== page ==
• Psychological reactions involve manifestation of clinical symptoms caused not by the food but by emotions associated with the food. The symptoms do not occur when the food is given in an unrecognizable form.[19] Although an individual may have an adverse reaction to a food, this is not considered a food intolerance.

Elimination diets are useful to assist in the diagnosis of food allergy and pharmacological food intolerance. Metabolic, toxic and psychological reactions should be diagnosed by other means.[2][20][21]

Diagnosis[edit]

Food allergy is principally diagnosed by careful history and examination. When reactions occur immediately after certain food ingestion then diagnosis is straight forward and can be documented by using carefully performed tests such as the skin prick test (SPT) and the radioallergosorbent test RAST to detect specific IgE antibodies to specific food proteins and aero-allergens. However false positive results occur when using the SPT when diagnosis of a particular food allergen is hard to determine. This can be confirmed by exclusion of the suspected food or allergen from the patient's diet. It is then followed by an appropriately timed challenge under careful medical supervision. If there is no change of symptoms after 2 to 4 weeks of avoidance of the protein then food allergy is unlikely to be the cause and other causes such as food intolerance should be investigated.[21][22][23] This method of exclusion-challenge testing is the premise by which the Elimination Diet is built upon, as explained in the sections below.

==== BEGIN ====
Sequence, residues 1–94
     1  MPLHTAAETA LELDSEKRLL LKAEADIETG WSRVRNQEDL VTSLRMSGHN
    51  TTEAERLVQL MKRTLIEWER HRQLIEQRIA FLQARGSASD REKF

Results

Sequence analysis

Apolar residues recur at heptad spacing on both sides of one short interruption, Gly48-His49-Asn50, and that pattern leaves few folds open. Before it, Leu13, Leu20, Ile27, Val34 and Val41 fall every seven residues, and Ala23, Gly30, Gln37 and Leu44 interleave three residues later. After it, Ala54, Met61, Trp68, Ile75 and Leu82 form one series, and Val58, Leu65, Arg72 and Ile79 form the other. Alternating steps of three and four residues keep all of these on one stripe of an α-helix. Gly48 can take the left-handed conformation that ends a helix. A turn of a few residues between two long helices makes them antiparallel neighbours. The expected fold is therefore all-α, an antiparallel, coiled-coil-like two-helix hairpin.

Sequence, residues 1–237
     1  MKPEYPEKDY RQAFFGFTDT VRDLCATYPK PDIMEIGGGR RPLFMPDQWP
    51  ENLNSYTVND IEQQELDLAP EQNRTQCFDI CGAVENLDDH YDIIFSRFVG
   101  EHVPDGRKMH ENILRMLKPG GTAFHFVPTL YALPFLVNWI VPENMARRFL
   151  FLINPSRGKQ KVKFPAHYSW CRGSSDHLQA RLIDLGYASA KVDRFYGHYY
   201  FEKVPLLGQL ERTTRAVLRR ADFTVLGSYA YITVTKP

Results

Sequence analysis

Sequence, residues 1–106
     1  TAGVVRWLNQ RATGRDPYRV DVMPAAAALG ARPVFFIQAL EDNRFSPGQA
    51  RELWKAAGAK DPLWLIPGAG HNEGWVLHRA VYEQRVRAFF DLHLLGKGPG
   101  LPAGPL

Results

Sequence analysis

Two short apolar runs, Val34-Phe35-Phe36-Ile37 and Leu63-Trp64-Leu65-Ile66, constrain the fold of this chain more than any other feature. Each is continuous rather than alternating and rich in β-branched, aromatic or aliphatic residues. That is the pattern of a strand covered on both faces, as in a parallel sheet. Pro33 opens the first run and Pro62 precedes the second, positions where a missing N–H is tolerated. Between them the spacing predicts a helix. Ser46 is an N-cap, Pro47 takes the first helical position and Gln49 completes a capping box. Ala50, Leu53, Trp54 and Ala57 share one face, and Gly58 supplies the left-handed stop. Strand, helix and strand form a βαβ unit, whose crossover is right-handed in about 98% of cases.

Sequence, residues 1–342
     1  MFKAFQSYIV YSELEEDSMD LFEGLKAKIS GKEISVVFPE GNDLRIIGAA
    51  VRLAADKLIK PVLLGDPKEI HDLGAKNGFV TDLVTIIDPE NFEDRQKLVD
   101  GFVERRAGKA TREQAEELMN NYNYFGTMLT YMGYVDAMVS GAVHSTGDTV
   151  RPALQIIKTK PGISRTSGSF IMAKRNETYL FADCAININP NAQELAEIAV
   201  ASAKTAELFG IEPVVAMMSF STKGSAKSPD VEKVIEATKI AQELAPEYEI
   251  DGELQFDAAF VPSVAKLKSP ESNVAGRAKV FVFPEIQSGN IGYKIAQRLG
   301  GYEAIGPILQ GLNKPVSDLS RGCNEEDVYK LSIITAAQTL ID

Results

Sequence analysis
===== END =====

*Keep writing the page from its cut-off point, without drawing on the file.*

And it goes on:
Vega machine testing, a bioelectric test, is a controversial method that attempt to measure allergies or food or environmental intolerances. Currently this test has not been shown to be an effective measure of an allergy or intolerance.[24]